Anya: The group came in to a place called Caesar’s Palace owned by Sicilian immigrant named Caesar Cardini and the actual salads were the entrees and Cardini is just panicked. It was a holiday weekend, the place was packed and the supplies was dwindling. So he dashed back to the kitchen. He grabbed some hard Romaine, a couple of eggs and a garlic clove and then he grabbed a chunk of good parmesan and a handful of croutons, plus lemons, olive oil and a bottle of Worcestershire and then he sort of crushed everything up to the dining room and he kind of dissolved the mix and voila, there was Caesar Salad.

Seth: I have heard that story before. I didn’t realize it happened in Tijuana.

Anya: Yeah, it happened in Tijuana.

Seth: Because there’s still a Cardini’s salad dressing, right, still exist to this day.

Anya: Yeah.

Seth: Good to know. All right, I’m writing this down, Caesar’s Palace which I always thought was in Vegas, it turns out in Tijuana.

Anya: There was one in Vegas, too. It’s name is one Caesar’s Palace.

Seth: All right. Let’s talk about the new book. The new book is

Mastering the Art of Soviet Cooking: A Memoir of Food and Longing. And I know that you’re sort of telling the story of three generations of Soviet history through food. I mean, tell me a little bit about the concept behind the book.

Anya: Well, I always wanted to write a memoir about food because as I already explained, food has such existential importance in Soviet days. And I was working as a restaurant critique, you know, going around the world, tasting all this incredible stuff, I was always flashing back to the deprivations and the difficulties and to live kind of – other relationship with food. So, in a way, it was inevitable that the story of our struggle for food had to come out. And I was wondering how to structure and my mom was my frequent co-conspirator in the kitchen.

And my bestfriend, she suggested, “What is the structure of a book as a series of metaphoric meals that’s span the entire Soviet century?” So we decided to organize it decade by decade. So it goes from 1910, 1920, 1930 all the way to today’s Russia. So each chapter is a decade of Soviet life. And we also decided to cook our way through Soviet history. So the story – part of the book is a family memoir because I have a fascinating family. My mother’s father was a Deputy Chief of Naval Intelligence under Stalin. I had a great grandmother who was a feminist in Central Asia under the Bolsheviks, so you know, the family’s story is incredibly interesting.

So a mix of family story, social history about food and about the meaning of food in the Soviet Union. And the framing device, the framing narrative is my mom and I in her kitchen, in Queens, New York cooking our way through all these emblematic dishes of the different Soviet decades.

So you got this epic history of the country with Stalin’s GULAG and purges, World War II which took 20 million lives, Khrushchev, Brezhnev. So in the back draft is the Soviet history but it’s told in a way that is accessible and easy for people to understand and to follow because I feel that food is something that unites us all and food makes history personal.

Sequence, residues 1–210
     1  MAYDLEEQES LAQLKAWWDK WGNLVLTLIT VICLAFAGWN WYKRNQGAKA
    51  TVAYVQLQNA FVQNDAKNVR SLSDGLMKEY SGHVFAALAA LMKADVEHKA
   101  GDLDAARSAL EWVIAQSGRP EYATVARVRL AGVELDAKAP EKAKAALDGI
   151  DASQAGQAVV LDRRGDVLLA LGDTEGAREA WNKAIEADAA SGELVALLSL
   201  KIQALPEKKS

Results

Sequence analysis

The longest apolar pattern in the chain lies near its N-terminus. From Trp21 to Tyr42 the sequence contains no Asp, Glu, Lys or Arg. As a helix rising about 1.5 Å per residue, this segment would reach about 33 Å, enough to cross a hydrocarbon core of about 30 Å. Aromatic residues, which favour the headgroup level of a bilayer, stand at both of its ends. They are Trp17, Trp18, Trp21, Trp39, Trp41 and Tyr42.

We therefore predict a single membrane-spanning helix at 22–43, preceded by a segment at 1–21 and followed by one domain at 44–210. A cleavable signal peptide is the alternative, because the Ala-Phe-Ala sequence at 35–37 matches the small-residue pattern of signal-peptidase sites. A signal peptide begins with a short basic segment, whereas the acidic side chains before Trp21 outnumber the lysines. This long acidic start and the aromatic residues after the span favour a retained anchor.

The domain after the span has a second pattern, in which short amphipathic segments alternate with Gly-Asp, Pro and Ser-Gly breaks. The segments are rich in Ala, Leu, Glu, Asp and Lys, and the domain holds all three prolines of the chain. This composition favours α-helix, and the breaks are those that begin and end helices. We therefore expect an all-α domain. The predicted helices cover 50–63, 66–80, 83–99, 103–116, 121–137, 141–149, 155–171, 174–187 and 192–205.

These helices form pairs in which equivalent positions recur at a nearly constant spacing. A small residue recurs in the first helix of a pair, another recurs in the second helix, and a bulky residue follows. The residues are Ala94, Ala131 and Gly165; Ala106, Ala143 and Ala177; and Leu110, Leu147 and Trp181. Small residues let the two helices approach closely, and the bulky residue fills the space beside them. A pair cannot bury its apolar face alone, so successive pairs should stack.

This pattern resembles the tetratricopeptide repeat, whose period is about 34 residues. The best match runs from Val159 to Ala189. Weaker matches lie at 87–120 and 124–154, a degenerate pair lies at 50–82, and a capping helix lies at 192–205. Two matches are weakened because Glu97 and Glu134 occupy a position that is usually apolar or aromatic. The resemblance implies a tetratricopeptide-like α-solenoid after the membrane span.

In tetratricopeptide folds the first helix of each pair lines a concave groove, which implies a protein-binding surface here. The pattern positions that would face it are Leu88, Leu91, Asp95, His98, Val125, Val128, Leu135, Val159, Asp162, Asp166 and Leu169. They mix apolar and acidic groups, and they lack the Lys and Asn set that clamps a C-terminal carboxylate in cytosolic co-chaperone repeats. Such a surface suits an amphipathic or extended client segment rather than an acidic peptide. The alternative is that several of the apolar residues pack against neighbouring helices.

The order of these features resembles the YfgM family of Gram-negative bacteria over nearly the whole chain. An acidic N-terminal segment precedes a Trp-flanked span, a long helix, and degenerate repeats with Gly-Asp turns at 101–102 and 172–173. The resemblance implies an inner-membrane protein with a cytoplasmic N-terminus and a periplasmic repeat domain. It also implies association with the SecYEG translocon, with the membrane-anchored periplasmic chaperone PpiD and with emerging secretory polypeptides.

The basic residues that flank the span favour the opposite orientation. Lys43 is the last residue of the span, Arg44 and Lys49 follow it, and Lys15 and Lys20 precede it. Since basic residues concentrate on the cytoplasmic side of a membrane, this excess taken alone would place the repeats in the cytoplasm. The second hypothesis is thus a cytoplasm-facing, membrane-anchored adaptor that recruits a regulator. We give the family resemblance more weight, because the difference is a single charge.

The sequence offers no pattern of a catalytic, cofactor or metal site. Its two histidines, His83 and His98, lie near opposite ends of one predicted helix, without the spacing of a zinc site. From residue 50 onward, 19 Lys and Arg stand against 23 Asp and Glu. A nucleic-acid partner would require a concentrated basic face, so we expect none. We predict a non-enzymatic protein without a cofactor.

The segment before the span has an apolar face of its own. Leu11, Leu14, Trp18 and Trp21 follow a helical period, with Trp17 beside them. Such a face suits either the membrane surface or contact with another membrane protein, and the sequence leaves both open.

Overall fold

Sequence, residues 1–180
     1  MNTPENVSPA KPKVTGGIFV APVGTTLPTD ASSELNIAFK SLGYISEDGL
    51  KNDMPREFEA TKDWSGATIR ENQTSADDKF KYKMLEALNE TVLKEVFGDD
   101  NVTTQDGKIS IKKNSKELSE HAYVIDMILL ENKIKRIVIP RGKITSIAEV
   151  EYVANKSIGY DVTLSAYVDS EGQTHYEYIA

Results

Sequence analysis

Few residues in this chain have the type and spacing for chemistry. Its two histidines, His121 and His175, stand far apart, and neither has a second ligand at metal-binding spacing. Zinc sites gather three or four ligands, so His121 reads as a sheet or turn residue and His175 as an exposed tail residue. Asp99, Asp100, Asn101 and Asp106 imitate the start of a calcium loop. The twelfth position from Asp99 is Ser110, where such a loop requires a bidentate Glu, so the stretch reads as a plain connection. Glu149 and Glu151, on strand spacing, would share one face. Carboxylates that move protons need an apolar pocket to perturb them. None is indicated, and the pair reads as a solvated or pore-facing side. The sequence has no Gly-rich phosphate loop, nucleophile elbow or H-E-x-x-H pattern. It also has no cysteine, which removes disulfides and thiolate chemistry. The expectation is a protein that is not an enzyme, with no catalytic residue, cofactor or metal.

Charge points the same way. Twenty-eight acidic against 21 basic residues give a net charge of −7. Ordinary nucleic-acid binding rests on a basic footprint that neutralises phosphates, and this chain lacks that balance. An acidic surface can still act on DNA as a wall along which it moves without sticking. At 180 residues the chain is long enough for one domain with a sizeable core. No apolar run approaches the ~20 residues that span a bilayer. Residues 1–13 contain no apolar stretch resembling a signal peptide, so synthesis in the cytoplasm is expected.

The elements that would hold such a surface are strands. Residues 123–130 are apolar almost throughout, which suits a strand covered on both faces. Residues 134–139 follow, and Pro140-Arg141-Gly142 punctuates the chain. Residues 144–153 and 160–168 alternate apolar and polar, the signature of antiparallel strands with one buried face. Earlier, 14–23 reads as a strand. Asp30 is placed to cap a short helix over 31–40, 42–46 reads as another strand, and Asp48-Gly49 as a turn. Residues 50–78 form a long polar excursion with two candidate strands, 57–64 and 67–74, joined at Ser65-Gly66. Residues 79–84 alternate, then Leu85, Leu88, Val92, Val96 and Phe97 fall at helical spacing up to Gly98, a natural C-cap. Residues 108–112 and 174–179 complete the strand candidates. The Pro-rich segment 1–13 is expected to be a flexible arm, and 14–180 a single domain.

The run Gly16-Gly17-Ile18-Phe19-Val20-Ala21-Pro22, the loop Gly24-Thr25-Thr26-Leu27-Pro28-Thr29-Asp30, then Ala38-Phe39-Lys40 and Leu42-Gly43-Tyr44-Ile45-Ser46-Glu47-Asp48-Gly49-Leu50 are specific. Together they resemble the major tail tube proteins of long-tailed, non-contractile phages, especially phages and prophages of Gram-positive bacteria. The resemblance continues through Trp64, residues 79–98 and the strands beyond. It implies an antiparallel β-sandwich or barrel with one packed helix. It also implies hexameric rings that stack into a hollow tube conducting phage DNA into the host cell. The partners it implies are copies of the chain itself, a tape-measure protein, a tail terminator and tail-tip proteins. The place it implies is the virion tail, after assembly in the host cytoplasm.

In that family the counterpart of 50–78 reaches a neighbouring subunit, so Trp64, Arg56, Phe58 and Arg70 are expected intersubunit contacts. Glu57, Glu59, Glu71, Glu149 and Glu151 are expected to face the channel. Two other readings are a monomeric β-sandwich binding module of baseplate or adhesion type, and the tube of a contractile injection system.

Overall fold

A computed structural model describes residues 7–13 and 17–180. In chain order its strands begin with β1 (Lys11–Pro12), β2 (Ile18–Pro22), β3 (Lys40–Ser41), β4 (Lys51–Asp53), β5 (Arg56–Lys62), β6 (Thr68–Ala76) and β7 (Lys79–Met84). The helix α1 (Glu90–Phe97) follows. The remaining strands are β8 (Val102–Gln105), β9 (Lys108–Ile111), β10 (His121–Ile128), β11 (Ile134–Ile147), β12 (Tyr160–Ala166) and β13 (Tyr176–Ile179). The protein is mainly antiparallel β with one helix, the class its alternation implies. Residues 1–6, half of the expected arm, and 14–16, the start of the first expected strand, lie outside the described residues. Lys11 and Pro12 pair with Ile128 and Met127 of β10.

Seth: Absolutely. And I want to ask about something in particular. I mean, your previous book had been a Russian cookbook but this is the art of Soviet cooking and I know you authors choose your words carefully. Why Soviet and not Russian? Like what’s the distinction and what’s the impact here?

Anya: Well, because we’re talking about the Soviet’s history and, you know, Soviet after the 1917 revolution, the country became Soviet Union and Russia was one of the 15 Socialist Republic. There was also Ukraine, Georgia, Armenia. And Russian cooking is associated with the Czars and Bourgeois consumption. And the Soviet history and Soviet cooking was something completely different and it was very politicized. And this book is not a cookbook, you know. It has recipes in the end but it really is a memoir and it is memoir about Soviet life. So the title is an ironic nod to Julia Child’s

Mastering the Art of French Cooking. But the whole idea of mastering the art of Soviet cooking is funny. It’s very ironic.

Seth: Because?

Anya: Well, because Soviet Union was often shortages. There was no food at some point, but also the whole idea of mastering is something very Soviet, you know, masters of the universe, masters of the space program and a lot of the book is very, very funny.

Seth: Right. And when you talk about the different countries in the Soviet Union, do they all have their own unique culinary histories or are they fairly similar? Do they blend together? Do they assimilate? What’s the relationship there?

Anya: Well, they’re kind of clustered by regions and this is something that I wrote about in

Please to the Table and the cookbook, the Slovak cuisines, Ukrainian, Russian and Byelorussian and they have a lot of similarities, a lot also differences. You know, it’s like differences in Spanish and Portuguese cooking.

Seth: Right.

Anya: They’re similar but they’re different. Then you have the cuisines of the Caucasus in the mountains and, you know, Sochi where the Olympics will be held that’s near there and also a much more spicy cuisines with a lot of grills and these are the cuisines of the Republic of Georgia, Armenia and Azerbijan. Then farther east, you have the Central Asian “stans”, Uzbekistan, Afghanistan and their cuisine is more like Middle Eastern slightly Indian, you know, bordering China and Afghanistan all the way there. By the way now, they’re all separate countries.